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Gary Shilling, A. Gary Shilling & Co.

Portfolio > Economy & Markets

Gary Shilling Predicts 21% Further Stock Market Slide

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What You Need to Know

  • To hit his 40% peak-to-decline forecast, the S&P 500 needs to drop more than 20% more, Shilling said.
  • Equities are expensive despite the market's drop this year, he said.
  • Even defensive stocks should be avoided, Shilling suggested.

The S&P 500 will probably drop roughly 21% further, driven mostly by corporate earnings declines, economist and investment advisor Gary Shilling predicted recently, noting that stocks remain expensive even in this year’s rocky market.

Early this year, Shilling predicted a recession would start later in 2022 and extend into 2023, and forecast a 40% peak-to-decline in the stock market, in line with previous major recessions.

“To date, the S&P 500 is down 24%, largely due to the negative effect of rising interest rates, but equities are still expensive,” he wrote in his October Insight report, released Monday. (As of mid-morning today, the S&P 500 was down 21.7% year-to-date after a rally this week.)

“To reach our target of a 40% total decline in stock prices, another 21% drop from here is likely,” Shilling added.

“But we’ll be convinced that the bear market is over when speculators and many equity investors give up,” he wrote. “So far, individual investors with a ‘buy the dip’ mentality have been buying stocks after declines as the pros bail out. Still, the hoped-for rebounds haven’t materialized.”

Shilling reiterated his suggestion that investors short or sell stocks in general “as corporate earnings tank.”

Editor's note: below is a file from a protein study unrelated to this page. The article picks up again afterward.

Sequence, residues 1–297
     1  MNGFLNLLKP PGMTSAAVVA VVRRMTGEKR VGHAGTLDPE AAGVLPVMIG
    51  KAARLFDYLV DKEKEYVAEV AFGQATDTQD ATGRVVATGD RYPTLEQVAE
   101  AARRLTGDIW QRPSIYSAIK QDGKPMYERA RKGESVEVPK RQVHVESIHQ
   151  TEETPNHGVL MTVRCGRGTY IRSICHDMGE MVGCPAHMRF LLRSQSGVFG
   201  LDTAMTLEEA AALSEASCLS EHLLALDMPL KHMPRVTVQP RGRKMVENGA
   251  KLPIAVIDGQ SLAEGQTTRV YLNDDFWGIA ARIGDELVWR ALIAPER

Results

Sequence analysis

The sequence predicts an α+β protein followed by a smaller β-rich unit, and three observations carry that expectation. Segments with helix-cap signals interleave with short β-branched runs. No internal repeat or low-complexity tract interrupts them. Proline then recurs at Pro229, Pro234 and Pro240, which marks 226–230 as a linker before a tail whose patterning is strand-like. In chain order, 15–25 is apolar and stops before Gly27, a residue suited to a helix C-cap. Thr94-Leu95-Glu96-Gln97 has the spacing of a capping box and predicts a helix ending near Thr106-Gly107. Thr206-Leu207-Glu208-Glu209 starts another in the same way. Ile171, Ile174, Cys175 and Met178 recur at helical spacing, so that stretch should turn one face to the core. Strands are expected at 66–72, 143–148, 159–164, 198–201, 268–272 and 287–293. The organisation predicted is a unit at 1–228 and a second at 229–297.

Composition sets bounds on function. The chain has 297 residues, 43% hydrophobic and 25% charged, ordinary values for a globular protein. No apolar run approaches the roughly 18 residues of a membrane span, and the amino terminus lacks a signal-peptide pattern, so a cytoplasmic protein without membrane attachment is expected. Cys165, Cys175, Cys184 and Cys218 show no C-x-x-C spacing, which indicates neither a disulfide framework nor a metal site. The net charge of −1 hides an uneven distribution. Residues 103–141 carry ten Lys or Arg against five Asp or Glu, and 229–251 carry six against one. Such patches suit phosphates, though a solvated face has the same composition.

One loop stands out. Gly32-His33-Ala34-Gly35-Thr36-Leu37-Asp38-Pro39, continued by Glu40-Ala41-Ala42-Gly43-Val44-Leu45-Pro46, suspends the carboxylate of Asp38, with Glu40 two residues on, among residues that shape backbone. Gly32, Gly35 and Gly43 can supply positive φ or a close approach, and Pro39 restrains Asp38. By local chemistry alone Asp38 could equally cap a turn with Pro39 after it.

Even “quality stocks,” which Shilling called a vaguely defined term, have been knocked around in the bear market.

“Several have dropped over 26% this year, more than the 24% plunge in the S&P 500,” he wrote. “But these stocks are still more expensive than the overall market. There’s been no place for bullish equity investors to hide. On the way up, performance is relative, but on the way down, it’s absolute.”

Shilling attributed the fall in stock prices so far to the effects of rising interest rates on price-to-earnings ratios, which he said fell 34% while the S&P 500 index slid 24%.

Recessionary declines in corporate earnings will drive the bear market’s second phase, Shilling predicted, noting that Wall Street analysts continue to expect earnings per share to rise.

Analysts also expect a 30% rise in the S&P 500 index from the 3,647 the index hit midweek last week, to 4,729, Shilling added.

“Well, as we’ve said many, many times, stock market forecasters are paid to be bullish and those that aren’t, regardless of reality, suffer considerable job insecurity,” he said.

Investors, government officials and the media “have yet to look beneath the veil of inflation to see the weakness in real wages and consumer spending,” Shilling wrote, noting also that rising interest rates and unaffordable prices are knocking down the housing sector.

As the recession unfolds, demand weakness will hit inflation numbers and reveal this weakness, he said, adding that unemployment lags the economy “and sooner or later, job cuts will jump.”

The global recession may have started already and will last likely last well into next year, knocking down inflation, he predicted.

Shilling said he’s sticking with his recent investment strategy suggestions, including:

  • “Avoid ‘defensive’ stocks such as consumer staples, utilities and health care, which still tend to drop in bear markets along with cyclical and other equities.”
  • Sell or short stocks in general “as corporate earnings tank.”
  • Short speculative stocks such as special-purpose acquisition companies and crypto securities “as speculation continues to come to grief.”
  • Sell growth stocks as the Federal Reserve raises interest rates.
  • “Sell homebuilder stocks with supply jumping while demand falls as mortgage rates continue to rise.”
  • Avoid China and other “COVID-related” regions.
  • Hold large cash positions to avoid market losses and prepare for eventual economic and market recoveries.
  • Long Treasury bonds modestly.
  • Long the U.S. dollar against other currencies.


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